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Panel votes to exempt small water districts of 2,500 or less from metering

The state needs to be flexible, but firm on its commitment to saving water for the benefit of the state’s water resources, lawmaker says

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Maintenance worker Lance Parkinson checks water sensors in Saratoga Springs.

Maintenance worker Lance Parkinson checks water sensors that the Saratoga Springs Public Works Department has installed to meter secondary water and help detect leaks in the system in Saratoga Springs on Jan. 28, 2019.

Silas Walker, Deseret News

A committee of lawmakers voted Tuesday to potentially broaden the exemptions for those water providers subject to the metering of secondary water, bumping it up from 1,000 connections and now proposing those districts with 2,500 connections or less be included.

Sponsored by Sen. David Hinkins, R-Orangeville, SB125 aims to alleviate the burden on some of these smaller districts, some of which may not even be part of the Great Salt Lake drainage.

Hinkins said a pair of districts contacted him about the potential change. They have more than 1,000 connections and one expects to grow to 2,500 connections in the future.

Sen. Scott Sandall, R-Tremonton, wondered if some of the controversy could be excised from the bill if the systems themselves were outside the Great Salt Lake drainage altogether.

Hinkins agreed, but pointed out that the larger systems along the Wasatch Front would benefit from the metering funding more than small systems that might have a negligible effect.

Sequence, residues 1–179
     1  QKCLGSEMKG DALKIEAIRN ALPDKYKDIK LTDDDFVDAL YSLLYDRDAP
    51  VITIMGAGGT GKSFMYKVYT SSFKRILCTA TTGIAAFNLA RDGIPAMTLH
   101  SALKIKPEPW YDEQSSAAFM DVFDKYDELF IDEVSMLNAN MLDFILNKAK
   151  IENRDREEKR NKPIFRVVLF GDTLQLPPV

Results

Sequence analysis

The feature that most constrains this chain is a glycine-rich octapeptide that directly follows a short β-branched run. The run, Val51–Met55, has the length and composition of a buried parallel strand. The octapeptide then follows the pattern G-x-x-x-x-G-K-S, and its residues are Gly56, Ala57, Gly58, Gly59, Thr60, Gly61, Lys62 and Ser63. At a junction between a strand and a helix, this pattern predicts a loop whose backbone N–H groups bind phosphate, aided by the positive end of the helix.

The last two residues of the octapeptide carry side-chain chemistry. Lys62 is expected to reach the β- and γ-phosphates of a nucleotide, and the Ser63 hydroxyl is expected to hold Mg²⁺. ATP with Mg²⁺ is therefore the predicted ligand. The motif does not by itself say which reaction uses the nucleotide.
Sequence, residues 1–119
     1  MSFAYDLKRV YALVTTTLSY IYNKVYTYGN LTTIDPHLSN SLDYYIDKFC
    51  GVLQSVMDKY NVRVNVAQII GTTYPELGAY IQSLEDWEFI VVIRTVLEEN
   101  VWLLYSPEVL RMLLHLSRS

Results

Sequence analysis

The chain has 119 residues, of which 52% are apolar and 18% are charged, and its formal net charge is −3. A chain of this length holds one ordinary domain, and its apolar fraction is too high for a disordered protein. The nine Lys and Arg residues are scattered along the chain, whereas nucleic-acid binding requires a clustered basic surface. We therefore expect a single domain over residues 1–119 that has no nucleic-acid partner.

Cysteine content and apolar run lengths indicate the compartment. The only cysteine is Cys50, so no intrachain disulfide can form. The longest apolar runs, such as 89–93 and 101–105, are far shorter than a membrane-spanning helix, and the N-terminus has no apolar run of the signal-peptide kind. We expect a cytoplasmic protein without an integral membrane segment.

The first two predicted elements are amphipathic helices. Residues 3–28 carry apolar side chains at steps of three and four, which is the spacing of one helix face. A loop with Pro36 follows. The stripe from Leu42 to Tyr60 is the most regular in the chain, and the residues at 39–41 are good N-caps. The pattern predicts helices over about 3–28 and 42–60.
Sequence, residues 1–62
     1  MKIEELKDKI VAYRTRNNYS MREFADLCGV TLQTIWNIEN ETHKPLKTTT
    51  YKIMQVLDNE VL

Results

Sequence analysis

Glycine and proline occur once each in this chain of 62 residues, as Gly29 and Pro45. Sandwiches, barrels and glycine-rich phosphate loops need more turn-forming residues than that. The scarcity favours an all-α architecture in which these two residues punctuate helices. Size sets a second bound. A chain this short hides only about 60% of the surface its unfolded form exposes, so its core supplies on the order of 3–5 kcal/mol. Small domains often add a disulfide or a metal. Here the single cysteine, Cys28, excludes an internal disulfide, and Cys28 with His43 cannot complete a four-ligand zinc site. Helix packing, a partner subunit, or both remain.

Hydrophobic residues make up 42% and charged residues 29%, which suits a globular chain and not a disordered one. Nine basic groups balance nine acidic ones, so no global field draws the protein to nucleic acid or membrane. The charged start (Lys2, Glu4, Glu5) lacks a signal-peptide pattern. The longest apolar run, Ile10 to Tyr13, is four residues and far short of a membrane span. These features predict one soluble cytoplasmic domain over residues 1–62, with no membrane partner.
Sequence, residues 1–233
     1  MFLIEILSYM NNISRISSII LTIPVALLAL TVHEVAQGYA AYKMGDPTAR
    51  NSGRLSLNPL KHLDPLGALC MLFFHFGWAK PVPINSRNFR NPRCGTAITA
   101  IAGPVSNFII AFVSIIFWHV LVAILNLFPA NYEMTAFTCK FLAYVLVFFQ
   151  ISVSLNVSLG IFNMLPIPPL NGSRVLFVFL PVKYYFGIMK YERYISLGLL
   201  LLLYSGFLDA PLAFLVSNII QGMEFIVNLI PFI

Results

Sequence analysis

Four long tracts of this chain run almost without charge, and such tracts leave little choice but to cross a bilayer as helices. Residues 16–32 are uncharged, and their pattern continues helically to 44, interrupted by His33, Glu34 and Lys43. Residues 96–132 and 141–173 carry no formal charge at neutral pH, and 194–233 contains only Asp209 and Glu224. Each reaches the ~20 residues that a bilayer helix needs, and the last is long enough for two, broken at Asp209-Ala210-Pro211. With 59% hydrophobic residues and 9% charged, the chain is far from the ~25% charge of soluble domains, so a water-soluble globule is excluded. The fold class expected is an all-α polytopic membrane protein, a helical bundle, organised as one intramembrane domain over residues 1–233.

“That money that was appropriated, the $250 million. I believe some of the bigger water districts would like to utilize that money where the smaller ones aren’t really going to ... (and won’t) impact at all at the Great Salt Lake.”

Sandall said the state needs to be flexible, but firm on its commitment to saving water for the benefit of the state’s water resources.

He added the exemptions granted in the past were appropriate — and while it may be worthwhile to revisit the 1,000 connection threshold — caution should be exercised when it comes to growth.

Being exempt, however, does not mean having no interest in metering of secondary water, one official said.

Joel Williams, deputy director of the Utah Division of Water Resources, said the $250 million awarded in the last round of funding has been authorized by the board for applicants via the grant process.

“We currently have about 13 applicants that are in that range between 1,000 and 2,500 (connections). We don’t know which of those would decide they would rather not meet those requirements,” he said, adding nine of those are in the Great Salt Lake drainage area.

Zach Frankel, executive director of the Utah Rivers Council, said it would be ideal to know how much water intended for the Great Salt Lake has been liberated, so to say, via secondary water metering.

That information, however, is not yet available.

“Studies have shown metering projects have shown that water use declines anywhere from 20% to 50%. And in the Great Salt Lake Basin, of course, I know I don’t need to tell you that Utahns want to make sure the Great Salt Lake exists. So we certainly don’t want to make anything hard for farmers and agricultural producers of any kind. We certainly would love to see the state put more funding into secondary metering,” said Frankel.

Frankel added he is anxious to continue to work with the sponsor and others on the bill.

“You can’t manage what you don’t measure. If you don’t know how much we use, we do not know how to manage it.”